HORIZONS

ORIGINALLY WRITTEN SCOTT NUSS
After back-to-back trips to New York City and Phoenix, I’ve managed to find my way back to school just in time to get another column cranked out for Marion County.

I’ve done my share of traveling in my life, but perhaps the best trips I’ve ever taken are those that I just got back from.

I was able to get an early start to my spring break by flying to New York City with eight of my fellow journalism students from Pratt to attend the 2005 College Media Advisers Spring Conference. Though I had never been to New York, I had seen pictures in movies, but even the movies don’t do justice to the Big Apple.

Our trip got interesting right away. We found out through friendly conversation that the gentleman driving our shuttle van from the airport was formerly a large-animal veterinarian in Colombia.

The conversation got interesting when our adviser told the driver she had graduated from Kansas State University with a degree in agriculture. Before we knew it, we were driving through the streets of Manhattan listening to a discussion of different animal breeding procedures.

I must admit, however, that the shuttle driver was very friendly. He gave us some good suggestions, including buying tickets for that week’s $37 million PowerBall jackpot. Apparently he wanted us to have a little spending money for the trip.

During our five-night stay in New York, our group stayed at the Big Apple Hostel. The four males from Pratt shared a room with a gentleman from Germany. We were all a little intimidated when our German friend began reading a book by Joseph Stalin.

While the accommodations weren’t necessarily great, our location (45th Street just a block off of Times Square) couldn’t be beat. We were easily within walking distance of Central Park, the Empire State Building, and all of the Times Square attractions. We also had a Starbucks coffee shop and a handful of delis in our block, so hunger was never an issue.

To this day I am trying to figure out why New York City is such a tourist attraction. I thought there were way too many people and too many taxi cabs. It’s true I’m not one to like crowds much, but everybody from Pratt agreed that the Big Apple was entirely too crowded.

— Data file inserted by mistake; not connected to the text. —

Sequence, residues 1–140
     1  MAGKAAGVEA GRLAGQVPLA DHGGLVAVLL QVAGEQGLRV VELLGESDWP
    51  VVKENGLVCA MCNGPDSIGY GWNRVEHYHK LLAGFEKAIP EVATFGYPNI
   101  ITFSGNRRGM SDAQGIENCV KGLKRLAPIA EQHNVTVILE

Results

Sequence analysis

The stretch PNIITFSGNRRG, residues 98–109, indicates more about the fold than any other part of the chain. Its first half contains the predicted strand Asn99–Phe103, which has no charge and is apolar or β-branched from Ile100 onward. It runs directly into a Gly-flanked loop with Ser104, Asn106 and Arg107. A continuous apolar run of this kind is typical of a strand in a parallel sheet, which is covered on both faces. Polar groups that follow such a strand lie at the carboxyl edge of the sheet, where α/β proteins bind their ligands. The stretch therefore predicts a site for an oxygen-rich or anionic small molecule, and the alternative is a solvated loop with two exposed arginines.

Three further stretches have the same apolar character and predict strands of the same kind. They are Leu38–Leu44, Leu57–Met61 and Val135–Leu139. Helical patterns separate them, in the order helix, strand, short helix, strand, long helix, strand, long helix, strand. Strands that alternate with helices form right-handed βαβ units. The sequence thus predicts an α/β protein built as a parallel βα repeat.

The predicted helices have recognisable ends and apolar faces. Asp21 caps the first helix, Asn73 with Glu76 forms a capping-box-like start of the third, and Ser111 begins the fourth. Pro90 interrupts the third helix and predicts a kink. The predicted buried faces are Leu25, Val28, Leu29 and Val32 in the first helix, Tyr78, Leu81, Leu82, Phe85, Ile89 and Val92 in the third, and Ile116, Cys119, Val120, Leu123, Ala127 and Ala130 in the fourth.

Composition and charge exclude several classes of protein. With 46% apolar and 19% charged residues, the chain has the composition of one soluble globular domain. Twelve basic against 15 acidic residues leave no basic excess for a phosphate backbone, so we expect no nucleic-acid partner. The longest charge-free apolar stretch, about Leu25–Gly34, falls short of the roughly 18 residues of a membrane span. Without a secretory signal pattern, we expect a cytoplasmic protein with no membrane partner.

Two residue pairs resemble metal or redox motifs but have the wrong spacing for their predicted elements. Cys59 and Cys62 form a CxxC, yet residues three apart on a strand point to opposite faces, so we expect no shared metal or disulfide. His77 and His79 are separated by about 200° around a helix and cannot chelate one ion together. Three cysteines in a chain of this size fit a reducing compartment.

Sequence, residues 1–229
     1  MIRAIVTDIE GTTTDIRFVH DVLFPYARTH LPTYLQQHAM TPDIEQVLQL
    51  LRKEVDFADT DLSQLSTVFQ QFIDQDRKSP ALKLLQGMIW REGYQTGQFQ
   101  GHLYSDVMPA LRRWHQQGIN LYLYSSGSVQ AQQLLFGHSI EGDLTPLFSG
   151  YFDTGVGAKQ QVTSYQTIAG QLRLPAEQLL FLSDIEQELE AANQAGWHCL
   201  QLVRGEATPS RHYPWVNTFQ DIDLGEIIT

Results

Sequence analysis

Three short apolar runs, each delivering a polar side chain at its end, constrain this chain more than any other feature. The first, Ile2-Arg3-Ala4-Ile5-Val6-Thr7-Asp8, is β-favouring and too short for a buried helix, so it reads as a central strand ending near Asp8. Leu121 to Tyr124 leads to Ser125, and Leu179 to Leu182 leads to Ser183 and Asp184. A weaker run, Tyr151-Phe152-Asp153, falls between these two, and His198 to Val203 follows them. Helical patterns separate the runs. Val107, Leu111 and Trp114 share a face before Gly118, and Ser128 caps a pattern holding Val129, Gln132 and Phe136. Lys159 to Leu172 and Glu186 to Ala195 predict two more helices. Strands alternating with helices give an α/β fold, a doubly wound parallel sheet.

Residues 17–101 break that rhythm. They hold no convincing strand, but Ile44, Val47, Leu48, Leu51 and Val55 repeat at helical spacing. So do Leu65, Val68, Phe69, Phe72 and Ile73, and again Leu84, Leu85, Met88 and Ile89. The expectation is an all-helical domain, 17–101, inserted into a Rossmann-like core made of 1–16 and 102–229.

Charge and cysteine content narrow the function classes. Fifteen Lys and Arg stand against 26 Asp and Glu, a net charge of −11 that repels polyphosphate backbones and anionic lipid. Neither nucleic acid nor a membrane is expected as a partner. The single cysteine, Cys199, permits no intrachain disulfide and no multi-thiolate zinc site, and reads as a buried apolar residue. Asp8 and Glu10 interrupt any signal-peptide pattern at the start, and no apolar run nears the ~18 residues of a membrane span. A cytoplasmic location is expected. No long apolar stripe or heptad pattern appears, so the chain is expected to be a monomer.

Less than 24 hours after I arrived in Wichita, I headed back to Mid-Continent Airport with my family for a trip to Phoenix, Ariz.

I had never been to Arizona, but Phoenix was also a place I had wanted to visit. After an NYC trip packed with hours upon hours of convention sessions and miles of walking in cold weather, I was happy to be in the warm, sunny Arizona air.

During our stay in Phoenix, I was able to take in two major league spring training baseball games. It was good to see there are still places in the United States where you can attend a professional baseball game for reasonable prices, both in terms of tickets and in terms of food.

At both games my brother and I attended, people started leaving after the seventh-inning stretch, but in my opinion, that’s where the best baseball was. Most of the teams had pulled their big-name players by the fifth inning, but when a bunch of young guns are trying to make a statement, it makes for some good baseball.

Beyond the baseball, I was also impressed by the food in Phoenix. Anybody who knows me knows that I love a good meal. Who doesn’t? I’m convinced that some of the world’s best Mexican food can be found in Phoenix.

I’m no travel agent, but if you find yourself searching for a spring break vacation destination, I would highly suggest Phoenix. True, it’s a large city, but it’s set up in a way that almost makes it feel smaller than Wichita. If you haven’t been there, I’d suggest going.

I ended my spring break with another great meal at our family’s Easter gathering just in time to go back to a life dependent upon cafeteria food at PCC.

I’ve got to say that this year’s spring break was about as good as it could be. After experiencing the biggest city in the United States, I have a completely new respect for small-town America.

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